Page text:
Equipment companies release innovative optical sortation technologies, and the Association of Plastic Recyclers recognizes research improving recyclability.
Recyclability recognition: Floating label adhesives and a process for printing on HDPE containers without ink bleed – those were a couple of the innovations recognized by the Association of Plastic Recyclers (APR) at the group’s mid-year meeting in San Antonio. Four companies received critical guidance recognition for their efforts toward improving the recyclability of plastic packaging.
Plastics to waxes: GreenMantra Technologies, which uses a catalyst and patented process to recycle PE and PP into industrial waxes, has signed an exclusive distribution agreement for its products. The Brantford, Ontario-based company is partnering with EMCO Chemical Distributors, which will distribute GreenMantra waxes to customers across the U.S. and Canada. Plastics Recycling Update: Technology Edition featured GreenMantra last month.
Black-plastic sortation: Germany equipment company Steinert has developed an optical sortation unit specializing in separating black plastics by polymer. The new UniSort Blackeye can separate up to one metric ton per hour of black PE, PP, PVC and PS flakes.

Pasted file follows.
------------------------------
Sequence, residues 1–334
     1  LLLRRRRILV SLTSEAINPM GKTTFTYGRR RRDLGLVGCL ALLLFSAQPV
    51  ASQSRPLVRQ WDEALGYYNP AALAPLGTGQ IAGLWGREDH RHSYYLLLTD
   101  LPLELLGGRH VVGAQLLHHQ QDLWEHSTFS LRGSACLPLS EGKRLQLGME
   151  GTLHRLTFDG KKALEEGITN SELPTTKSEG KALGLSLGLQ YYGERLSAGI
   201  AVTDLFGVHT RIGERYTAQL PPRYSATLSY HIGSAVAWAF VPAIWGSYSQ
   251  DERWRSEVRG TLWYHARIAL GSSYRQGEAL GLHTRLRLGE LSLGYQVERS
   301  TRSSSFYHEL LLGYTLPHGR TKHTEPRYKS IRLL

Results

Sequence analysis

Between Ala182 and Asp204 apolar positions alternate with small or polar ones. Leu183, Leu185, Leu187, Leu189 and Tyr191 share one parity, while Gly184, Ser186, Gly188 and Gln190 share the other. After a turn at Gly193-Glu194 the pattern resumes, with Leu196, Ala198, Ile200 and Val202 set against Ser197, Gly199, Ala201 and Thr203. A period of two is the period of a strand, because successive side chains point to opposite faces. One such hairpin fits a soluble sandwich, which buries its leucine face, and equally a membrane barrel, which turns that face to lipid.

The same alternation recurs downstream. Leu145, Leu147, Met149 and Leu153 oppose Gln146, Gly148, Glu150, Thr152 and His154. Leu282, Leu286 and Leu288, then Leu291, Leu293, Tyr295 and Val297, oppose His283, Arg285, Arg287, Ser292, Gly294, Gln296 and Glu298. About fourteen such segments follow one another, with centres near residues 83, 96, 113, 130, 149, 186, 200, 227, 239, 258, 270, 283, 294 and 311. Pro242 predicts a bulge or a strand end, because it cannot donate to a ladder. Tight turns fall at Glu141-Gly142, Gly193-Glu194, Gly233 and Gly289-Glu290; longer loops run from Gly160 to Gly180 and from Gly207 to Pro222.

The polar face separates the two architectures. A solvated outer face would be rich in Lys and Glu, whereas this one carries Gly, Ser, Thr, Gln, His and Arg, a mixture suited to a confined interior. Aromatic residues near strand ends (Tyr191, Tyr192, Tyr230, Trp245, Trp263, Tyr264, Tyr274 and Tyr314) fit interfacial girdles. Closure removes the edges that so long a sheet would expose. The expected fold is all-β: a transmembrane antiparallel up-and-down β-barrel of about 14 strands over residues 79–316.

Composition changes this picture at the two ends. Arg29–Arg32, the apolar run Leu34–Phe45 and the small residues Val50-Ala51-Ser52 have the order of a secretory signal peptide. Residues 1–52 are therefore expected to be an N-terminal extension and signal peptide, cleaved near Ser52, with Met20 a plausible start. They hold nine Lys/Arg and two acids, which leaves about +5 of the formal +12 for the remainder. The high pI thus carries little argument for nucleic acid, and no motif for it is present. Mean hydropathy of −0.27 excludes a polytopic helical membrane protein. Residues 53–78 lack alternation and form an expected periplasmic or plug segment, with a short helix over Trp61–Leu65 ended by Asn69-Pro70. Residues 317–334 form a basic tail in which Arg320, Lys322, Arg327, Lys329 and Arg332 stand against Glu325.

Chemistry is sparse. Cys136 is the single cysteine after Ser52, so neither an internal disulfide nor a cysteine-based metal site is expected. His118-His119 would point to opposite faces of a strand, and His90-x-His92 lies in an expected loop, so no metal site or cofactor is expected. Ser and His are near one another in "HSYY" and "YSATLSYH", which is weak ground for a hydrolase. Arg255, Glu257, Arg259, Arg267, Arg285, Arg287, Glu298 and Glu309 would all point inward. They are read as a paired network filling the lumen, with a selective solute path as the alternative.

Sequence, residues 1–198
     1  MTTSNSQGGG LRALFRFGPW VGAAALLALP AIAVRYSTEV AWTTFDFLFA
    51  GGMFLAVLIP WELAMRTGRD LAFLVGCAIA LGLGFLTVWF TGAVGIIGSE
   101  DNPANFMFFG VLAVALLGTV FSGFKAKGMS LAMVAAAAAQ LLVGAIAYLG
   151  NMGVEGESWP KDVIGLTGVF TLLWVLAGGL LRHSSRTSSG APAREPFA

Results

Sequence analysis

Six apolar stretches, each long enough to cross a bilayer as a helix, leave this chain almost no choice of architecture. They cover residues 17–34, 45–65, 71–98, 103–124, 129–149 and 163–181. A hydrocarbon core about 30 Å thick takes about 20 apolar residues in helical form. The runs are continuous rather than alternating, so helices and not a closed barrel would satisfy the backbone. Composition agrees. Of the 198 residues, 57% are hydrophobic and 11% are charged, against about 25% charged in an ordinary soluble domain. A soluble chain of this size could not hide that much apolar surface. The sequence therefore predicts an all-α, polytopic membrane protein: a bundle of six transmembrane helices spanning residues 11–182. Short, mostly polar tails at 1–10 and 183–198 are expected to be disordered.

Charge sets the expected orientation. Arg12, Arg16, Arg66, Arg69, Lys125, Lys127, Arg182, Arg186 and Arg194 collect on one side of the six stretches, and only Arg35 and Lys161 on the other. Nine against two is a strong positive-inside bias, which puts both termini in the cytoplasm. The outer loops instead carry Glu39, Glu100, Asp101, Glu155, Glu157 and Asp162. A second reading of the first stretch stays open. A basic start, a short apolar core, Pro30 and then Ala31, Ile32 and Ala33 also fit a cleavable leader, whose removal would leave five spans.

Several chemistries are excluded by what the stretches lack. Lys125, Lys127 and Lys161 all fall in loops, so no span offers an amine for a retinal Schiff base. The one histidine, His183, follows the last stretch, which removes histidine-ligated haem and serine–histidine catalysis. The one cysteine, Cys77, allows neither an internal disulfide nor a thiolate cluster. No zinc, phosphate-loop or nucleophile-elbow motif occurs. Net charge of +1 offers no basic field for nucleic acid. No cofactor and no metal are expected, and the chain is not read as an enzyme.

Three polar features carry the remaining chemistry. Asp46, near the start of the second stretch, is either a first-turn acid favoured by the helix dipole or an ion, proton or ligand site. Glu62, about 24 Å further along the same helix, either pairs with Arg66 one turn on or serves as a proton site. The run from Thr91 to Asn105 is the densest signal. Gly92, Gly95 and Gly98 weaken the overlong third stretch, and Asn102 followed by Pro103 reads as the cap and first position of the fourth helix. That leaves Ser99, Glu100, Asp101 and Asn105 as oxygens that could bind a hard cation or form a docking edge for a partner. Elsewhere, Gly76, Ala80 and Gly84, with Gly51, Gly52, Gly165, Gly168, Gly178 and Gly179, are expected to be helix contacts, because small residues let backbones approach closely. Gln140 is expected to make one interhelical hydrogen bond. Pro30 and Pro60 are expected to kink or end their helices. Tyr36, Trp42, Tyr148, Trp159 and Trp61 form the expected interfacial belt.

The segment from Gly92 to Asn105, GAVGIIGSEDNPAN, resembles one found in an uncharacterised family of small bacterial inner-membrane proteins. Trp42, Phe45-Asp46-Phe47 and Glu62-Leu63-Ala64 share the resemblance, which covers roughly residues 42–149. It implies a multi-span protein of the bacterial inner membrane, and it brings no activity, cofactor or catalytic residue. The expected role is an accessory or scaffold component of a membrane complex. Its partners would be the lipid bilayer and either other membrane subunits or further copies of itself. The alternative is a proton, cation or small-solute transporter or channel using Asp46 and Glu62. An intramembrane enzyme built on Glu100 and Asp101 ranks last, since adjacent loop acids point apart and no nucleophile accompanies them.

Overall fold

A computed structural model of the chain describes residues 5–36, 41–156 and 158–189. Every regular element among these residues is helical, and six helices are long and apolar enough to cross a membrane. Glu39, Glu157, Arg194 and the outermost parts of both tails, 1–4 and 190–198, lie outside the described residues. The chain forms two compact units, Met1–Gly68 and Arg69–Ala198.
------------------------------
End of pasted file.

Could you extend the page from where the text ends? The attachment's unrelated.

Recycled 3-D printer filament: An Amsterdam-based startup company is paying pickers in Africa to recover plastic items so they can be converted into 3-D printer filament. The Huffington Post reports on the innovation from Reflow, which is launching its effort in Dar es Salaam, Tanzania.
Sortation equipment: A study released by the American Chemistry Council explores optical sortation technologies and other types of equipment in materials recovery facilities and mixed-waste facilities. The report, from consulting firm Gershman, Brickner & Bratton, discusses the advantages and limitations of using optical sorters to separate plastics, among other types of equipment.
Flake sortation: The Bühler Group recently unveiled its Sortex E PolyVision optical sorter, which targets PET by removing same-color flakes made of different polymers. The equipment, which utilizes a unique lighting system and high-precision ejectors, reduces contaminants to below 50 parts per million, according to the company.
Mixed fiber-plastic recycling: A U.K. company that recycles single-use coffee cups by separating the fiber from the plastic lining is now doing trials on a recycling approach that doesn’t require separation. MRW reports Simply Cups is incorporating a mix of plastic and paper in its process, which was developed by consulting company Nextek and allows a composite material to be molded into products at high speed.
PET fines recycling: Recycling equipment from Ettlinger Kunststoffmaschinen can handle a difficult-to-recycle materials stream: PET fines, according to Motan Colortronic, Ettlinger’s new agent in the U.K. and Ireland.